Dark Bush Cricket.
The rounded wings of the males are brown with light brown coloured edges and veins. The females are wingless or have half-round, grey-brown forewings, but they are only 1 or 2mm long. Long-winged forms do not occur with this species.
The adults are omnivorous, feeding primarily on small insects such as aphids and caterpillars, but eat also plants such as bramble, (where they are commonly to be found), dandelions and nettles. The stridulation is a brief and penetrating sound, repeatedly irregularly night and day.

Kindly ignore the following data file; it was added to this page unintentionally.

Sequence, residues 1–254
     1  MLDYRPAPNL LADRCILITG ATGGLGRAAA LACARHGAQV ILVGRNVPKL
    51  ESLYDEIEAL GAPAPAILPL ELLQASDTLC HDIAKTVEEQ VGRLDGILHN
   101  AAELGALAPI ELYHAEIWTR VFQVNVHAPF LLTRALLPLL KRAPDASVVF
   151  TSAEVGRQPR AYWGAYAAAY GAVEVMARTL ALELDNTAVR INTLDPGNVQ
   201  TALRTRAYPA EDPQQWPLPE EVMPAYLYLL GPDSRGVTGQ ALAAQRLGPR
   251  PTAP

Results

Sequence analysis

The females lay their eggs in the soil, in dead branches, in bark crevices and rotting wood where they require a high moisture level. Old hedgerows and undisturbed bramble scrub are particularly useful for this species.
The larvae of this species have a Plurennial Life Cycle and require two years for their full development, with seven larval stages during which time they feed exclusively on plants. Nymphs appear at the end of April of the third year and adults will usually be seen from June onwards.